In 2018, more than $3 million was spent to try to defeat me in the Democratic primary because I am unabashedly pro-life. Though I managed to win that election by just a small margin, I didn’t back down. I spoke at the Chicago March for Life, signed the discharge petition to try to force a vote on the Born-Alive Abortion Survivors Protection Act, and signed the amicus brief to the Supreme Court on the Louisiana abortion law. This year, the radical abortion groups again spent millions against me. And this time around my pro-abortion opponent was endorsed by many of my Democratic colleagues in Congress, local Democratic office holders, and five Democratic presidential candidates. Though I am just one vote, they could not stand to hear a pro-life voice in the Democratic Party. On March 17, I narrowly lost my primary election.
We live in a political system where there are only two major parties. If you are going to run for most offices, you need to be a member of one of these parties. In most elections, if you are going to vote you have to choose a candidate in one of these two parties. You need to make this choice. I am not going to tell you that there is a correct answer. But as a Catholic there is a much more important choice you must make. Are you going to hold fast to your Catholic beliefs, or are you going to follow the world and make a political party your religion? If you really want to change the world, you must choose to be Catholic, and carry Jesus into the public square.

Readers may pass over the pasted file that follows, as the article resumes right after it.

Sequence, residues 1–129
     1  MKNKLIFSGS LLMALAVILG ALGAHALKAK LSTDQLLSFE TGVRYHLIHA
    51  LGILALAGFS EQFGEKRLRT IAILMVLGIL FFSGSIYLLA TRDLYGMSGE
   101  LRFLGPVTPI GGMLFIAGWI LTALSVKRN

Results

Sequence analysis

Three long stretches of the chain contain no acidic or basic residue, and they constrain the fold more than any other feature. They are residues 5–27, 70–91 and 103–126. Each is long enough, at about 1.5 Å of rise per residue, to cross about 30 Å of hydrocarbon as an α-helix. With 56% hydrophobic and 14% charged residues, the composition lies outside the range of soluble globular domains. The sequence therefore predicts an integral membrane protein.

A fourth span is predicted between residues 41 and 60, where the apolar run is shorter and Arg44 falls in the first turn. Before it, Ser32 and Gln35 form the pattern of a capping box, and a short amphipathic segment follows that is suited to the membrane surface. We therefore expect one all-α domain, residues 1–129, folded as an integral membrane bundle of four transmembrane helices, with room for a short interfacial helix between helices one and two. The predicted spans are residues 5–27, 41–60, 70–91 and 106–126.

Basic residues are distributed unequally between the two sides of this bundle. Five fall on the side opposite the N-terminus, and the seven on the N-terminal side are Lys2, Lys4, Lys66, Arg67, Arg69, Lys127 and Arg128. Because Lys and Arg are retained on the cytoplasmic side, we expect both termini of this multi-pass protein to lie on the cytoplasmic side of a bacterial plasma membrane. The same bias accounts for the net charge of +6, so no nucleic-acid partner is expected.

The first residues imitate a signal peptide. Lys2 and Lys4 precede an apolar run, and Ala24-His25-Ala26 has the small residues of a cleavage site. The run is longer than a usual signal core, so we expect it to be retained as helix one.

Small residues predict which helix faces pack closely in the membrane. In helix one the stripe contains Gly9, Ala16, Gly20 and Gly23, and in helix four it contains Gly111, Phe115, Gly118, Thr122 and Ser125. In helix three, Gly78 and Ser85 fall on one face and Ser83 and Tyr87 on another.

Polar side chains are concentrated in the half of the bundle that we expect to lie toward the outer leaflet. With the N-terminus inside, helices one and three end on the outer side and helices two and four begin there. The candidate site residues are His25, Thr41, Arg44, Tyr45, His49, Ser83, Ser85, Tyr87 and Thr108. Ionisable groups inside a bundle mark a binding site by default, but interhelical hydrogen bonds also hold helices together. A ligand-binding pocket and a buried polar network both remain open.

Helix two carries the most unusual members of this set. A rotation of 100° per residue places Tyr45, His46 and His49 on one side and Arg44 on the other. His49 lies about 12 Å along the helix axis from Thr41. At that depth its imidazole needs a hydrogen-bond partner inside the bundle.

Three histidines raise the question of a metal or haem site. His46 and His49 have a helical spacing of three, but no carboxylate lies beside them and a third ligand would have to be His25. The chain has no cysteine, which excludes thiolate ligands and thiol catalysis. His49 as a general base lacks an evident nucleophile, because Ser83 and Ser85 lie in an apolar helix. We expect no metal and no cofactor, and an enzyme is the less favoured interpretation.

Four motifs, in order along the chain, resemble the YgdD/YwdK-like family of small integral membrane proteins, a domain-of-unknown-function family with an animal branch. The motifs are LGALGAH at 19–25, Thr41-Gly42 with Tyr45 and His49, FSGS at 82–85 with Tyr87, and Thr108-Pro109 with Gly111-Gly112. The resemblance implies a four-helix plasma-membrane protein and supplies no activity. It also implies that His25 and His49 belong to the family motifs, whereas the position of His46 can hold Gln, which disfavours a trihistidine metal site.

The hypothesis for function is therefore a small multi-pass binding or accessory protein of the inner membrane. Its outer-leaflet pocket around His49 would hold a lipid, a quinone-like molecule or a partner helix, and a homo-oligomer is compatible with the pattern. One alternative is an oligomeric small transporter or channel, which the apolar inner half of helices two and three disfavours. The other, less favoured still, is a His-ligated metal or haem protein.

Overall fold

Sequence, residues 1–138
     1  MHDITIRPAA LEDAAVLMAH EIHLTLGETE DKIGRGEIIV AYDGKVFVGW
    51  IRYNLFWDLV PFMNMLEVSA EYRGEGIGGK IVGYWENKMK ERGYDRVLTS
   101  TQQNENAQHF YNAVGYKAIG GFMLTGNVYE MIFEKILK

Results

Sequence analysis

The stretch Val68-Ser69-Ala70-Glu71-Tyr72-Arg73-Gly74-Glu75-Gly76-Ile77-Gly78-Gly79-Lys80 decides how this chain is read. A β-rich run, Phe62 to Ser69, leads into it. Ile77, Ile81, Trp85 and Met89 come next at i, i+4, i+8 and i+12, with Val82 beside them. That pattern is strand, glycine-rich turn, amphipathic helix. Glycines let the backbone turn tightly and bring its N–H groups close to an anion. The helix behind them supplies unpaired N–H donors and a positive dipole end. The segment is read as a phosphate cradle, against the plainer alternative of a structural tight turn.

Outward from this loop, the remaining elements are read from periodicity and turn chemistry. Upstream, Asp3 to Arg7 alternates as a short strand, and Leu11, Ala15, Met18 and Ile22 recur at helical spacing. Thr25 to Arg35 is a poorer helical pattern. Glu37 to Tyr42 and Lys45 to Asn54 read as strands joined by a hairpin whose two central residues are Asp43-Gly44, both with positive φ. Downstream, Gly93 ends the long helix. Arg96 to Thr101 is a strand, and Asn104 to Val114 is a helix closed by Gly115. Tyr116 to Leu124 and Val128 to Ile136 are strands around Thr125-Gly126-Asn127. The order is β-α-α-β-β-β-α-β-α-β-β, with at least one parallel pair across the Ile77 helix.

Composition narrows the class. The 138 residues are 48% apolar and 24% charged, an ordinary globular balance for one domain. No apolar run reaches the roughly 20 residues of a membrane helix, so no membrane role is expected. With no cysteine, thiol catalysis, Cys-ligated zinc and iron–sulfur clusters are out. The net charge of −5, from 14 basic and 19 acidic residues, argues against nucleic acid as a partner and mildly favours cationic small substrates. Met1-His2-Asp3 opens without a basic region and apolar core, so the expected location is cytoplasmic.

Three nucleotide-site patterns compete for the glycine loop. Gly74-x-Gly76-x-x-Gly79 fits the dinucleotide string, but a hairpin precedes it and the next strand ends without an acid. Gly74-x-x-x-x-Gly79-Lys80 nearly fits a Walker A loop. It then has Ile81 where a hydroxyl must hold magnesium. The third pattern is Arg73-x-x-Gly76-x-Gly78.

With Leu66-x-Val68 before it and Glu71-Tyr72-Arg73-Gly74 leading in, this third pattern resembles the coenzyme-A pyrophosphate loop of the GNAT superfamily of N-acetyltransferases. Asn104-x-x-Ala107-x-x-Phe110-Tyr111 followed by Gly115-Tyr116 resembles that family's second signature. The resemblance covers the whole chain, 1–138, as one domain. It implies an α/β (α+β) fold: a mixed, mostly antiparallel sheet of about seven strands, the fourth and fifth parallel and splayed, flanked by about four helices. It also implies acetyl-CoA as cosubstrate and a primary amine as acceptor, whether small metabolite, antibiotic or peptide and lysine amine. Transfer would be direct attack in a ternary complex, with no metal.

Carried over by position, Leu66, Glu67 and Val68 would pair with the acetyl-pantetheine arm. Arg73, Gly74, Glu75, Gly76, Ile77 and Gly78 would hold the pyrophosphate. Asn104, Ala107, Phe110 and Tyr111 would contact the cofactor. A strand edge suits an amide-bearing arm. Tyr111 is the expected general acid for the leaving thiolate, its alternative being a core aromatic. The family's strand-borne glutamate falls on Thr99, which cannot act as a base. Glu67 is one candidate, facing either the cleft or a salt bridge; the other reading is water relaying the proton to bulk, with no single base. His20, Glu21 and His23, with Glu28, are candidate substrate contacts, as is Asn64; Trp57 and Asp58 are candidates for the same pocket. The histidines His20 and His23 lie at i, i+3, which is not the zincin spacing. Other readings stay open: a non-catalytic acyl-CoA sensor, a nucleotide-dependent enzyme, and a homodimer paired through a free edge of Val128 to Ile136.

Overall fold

Many people talk about how tribalism is bad for politics and bad for our society, but they do not provide a way to bring about change. Catholics have the solution, if we have the courage to live our faith. Pieces of the Catholic vision can be found imperfectly on both sides. This gives Catholics the ability to be a bridge between the two and to create the possibility of dialogue and compromise. I have worked to do this in Congress, because dialogue and compromise are essential in our political system to get good things done for our country.